By CHARLES WILSON
The Associated Press
INDIANAPOLIS — New ID requirements for Indiana driver’s licenses will increase the burden already placed on voters by the state’s strict voter ID law, the League of Women Voters says.
Hoosiers must show a government-issued photo ID to vote, usually a driver’s license or state ID card. But starting Jan. 1, they’ll have to present birth certificates, Social Security cards or other documentation proving their identity to get a license or ID card.
The league, which is appealing a Marion County court’s dismissal of a challenge to the voter ID law, said in documents filed Friday with the Indiana Court of Appeals that the requirements recently announced by the Bureau of Motor Vehicles will add to the burden the voter ID law already places on groups such the poor and elderly.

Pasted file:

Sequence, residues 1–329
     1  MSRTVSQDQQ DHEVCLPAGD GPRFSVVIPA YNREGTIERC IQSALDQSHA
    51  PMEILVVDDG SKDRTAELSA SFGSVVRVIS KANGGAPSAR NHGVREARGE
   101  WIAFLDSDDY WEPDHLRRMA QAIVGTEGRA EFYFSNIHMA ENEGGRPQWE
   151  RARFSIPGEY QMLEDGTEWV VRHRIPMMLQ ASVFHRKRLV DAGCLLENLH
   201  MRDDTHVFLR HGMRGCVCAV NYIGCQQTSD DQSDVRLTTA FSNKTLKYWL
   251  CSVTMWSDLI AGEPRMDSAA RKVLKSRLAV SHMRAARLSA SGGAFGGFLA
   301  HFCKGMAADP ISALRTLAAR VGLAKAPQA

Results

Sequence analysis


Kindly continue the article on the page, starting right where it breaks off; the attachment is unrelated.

“It shouldn’t be this hard to vote. It’s one of our most fundamental rights,” said Karen Celestino-Horseman, one of the attorneys for the league.
Women could be especially affected, the group contends. Women who have been repeatedly married or divorced or hyphenated their names will have to document each name change, the league claims. And older married women, who may keep bills in their husbands’ names, may have trouble providing proof of residency, Celestino-Horseman said.
The U.S. Supreme Court last year upheld the Indiana voter ID law, the nation’s most stringent. The 6-3 decision found that the law was reasonable and did not severely burden voters.
But the league filed another lawsuit in June 2008 alleging the law adds to the voting qualifications outlined in the state constitution. The suit, which names Indiana Secretary of State Todd Rokita as defendant, also claims changes in voting eligibility can be done only by amending the state constitution.
By CHARLES WILSON
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